Several muscles attach to the Achilles tendon allowing for flexion, extension, and even a degree of rotation around the ankle joint. The calf muscles make up a large part, and the tendons from other muscles, such as those from the hip or thigh, can be connected to the Achilles tendon. People who perform activities such as running, jumping, and kicking are more likely to suffer from Achilles tendon injuries because of the constant pressures applied on both sides of the leg. Additional risk factors include age (over 40), obesity, and previous Achilles tendon injuries. This article looks at some of the most common conditions that affect the Achilles tendon. If you have any Achilles tendon injury, you need to see an Achilles tendon in Westfield specialist for treatment.
Achilles tendonitis is also known as heel pain, Achilles tendinopathy, and insertional Achilles tendonitis. It is a condition characterized by inflammation of the tendon. The inflammatory response leads to localized swelling, irritation, and pain. Tendons attach muscle to bone and permit motion at a joint. Damage can occur when repeated movement or overuse of the tendon, causing tiny tears in the tendon fibers. If the body’s natural healing process does not adequately repair microtears, inflammation may occur.
Repetitive use causes further damage, which results in thickening and scarring of the tendon, leading to reduced flexibility and increased pain with activity. Your doctor may recommend rest, ice, compression, and elevation to treat Achilles tendonitis. If the condition does not improve over time, your doctor may prescribe anti-inflammatory medications or recommend physical therapy for stretching exercises to help reduce pain.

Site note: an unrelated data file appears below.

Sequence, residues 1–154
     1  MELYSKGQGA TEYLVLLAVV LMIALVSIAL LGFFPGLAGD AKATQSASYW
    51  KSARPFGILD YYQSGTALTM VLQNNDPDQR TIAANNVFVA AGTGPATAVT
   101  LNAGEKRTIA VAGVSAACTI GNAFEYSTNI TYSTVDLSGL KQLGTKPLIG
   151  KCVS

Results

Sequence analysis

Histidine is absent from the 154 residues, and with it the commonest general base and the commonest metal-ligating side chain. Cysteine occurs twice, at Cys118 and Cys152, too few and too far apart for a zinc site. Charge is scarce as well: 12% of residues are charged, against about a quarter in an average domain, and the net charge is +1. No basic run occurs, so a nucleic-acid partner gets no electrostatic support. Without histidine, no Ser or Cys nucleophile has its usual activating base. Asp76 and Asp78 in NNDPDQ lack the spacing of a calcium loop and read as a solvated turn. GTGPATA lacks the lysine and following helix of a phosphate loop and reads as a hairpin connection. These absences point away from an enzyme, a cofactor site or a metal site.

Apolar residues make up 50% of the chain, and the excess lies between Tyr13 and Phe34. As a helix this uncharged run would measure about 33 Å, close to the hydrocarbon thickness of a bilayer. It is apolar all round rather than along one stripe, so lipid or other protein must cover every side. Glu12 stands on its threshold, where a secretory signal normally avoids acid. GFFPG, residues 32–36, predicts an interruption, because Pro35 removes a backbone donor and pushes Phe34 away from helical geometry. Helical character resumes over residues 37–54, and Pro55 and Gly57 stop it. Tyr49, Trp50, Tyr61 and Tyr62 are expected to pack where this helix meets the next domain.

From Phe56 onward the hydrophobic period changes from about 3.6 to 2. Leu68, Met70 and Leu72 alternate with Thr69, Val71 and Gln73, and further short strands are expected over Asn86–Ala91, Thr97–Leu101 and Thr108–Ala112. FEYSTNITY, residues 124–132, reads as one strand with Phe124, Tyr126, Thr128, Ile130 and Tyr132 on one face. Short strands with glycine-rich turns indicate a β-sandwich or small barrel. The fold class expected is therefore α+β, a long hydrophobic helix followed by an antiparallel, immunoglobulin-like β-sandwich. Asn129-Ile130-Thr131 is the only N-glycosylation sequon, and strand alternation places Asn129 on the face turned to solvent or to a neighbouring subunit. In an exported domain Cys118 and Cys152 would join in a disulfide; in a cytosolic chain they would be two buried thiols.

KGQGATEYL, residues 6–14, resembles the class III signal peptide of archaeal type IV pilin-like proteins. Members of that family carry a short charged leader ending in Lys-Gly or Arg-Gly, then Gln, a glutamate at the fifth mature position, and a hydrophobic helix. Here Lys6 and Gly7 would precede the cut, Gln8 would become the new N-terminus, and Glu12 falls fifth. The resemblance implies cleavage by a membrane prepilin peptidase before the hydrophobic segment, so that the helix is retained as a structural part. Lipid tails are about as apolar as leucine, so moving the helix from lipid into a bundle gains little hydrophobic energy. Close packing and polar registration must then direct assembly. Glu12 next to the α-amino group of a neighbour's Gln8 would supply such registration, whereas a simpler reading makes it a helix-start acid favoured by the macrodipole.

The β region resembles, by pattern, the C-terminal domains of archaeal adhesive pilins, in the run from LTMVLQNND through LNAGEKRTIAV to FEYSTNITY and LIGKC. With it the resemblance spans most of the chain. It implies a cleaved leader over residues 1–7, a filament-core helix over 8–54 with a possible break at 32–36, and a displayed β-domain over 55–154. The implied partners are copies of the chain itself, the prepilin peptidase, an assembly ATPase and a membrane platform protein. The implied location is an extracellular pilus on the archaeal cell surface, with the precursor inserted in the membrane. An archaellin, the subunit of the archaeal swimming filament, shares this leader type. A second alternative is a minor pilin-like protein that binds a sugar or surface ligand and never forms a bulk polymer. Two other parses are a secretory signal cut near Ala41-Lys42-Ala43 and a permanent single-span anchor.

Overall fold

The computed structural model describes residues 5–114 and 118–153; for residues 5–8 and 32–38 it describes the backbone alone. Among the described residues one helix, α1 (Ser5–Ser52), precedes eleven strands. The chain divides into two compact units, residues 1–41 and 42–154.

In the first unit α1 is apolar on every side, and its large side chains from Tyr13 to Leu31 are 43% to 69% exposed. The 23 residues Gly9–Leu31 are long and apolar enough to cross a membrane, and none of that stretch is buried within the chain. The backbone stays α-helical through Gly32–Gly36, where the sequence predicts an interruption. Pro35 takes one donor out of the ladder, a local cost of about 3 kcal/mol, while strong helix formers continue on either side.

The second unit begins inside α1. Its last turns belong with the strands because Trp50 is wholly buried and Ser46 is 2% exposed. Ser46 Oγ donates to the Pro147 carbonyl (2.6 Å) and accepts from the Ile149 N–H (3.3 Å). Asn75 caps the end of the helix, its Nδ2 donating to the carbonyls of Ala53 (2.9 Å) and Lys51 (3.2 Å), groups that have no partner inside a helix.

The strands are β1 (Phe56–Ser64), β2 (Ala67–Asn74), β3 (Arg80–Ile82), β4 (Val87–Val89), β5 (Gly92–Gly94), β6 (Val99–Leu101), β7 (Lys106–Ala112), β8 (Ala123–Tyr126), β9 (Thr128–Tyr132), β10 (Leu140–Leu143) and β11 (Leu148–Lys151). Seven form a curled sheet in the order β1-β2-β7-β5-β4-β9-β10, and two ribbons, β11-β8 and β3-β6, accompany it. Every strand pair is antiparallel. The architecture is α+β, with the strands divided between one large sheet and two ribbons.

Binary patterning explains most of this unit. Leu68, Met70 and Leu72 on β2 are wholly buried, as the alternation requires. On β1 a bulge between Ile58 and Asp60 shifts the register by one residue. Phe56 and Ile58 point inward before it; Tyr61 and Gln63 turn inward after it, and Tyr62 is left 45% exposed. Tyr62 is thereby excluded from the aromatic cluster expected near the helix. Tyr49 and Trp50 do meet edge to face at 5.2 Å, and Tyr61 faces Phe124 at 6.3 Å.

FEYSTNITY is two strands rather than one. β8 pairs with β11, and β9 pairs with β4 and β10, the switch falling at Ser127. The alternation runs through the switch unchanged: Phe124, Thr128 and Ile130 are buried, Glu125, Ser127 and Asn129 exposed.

Achilles Tendon Rupture
Achilles tendon rupture is a condition affecting the Achilles tendon, which is located in the lower leg and connects the calf muscles to the bones of the foot. Symptoms may include sudden sharp pain or snapping sensation at the back of your ankle or lower leg, swelling, and bruising around the affected area. Ankle joint stiffness and restricted movement of the ankle are also standard.
Achilles tendon rupture often occurs when the muscle is suddenly stretched beyond its normal range of motion. This rupture may occur due to a sudden contraction of the calf muscles during an explosive movement. Treatment involves a rest period, followed by wearing a cast or boot to immobilize the leg. Surgery is usually reserved for those who have not recovered within six months.
Achilles tendinosis is a condition in which microtears develop within the tendon fibers. It results in painful swelling of the tendon and pain with activity. Achilles tendinosis or Achilles tendinitis occurs when excessive stress is placed on the Achilles tendon, usually by overuse. Over time, the continuous friction causes tiny tears in the tendon fibers. The body responds by adding more tissue to the area to repair and strengthen it, but this new tissue is not the same quality as the regular tendon.
In summary, the Achilles tendon is vital for most lower body activities. Injury to the Achilles tendon often occurs when the tendon is overused or overloaded such as during sports or other high-impact exercises. Some of the most common injuries to the Achilles tendon include Achilles tendonitis, Achilles tendon rupture, and Achilles tendinosis.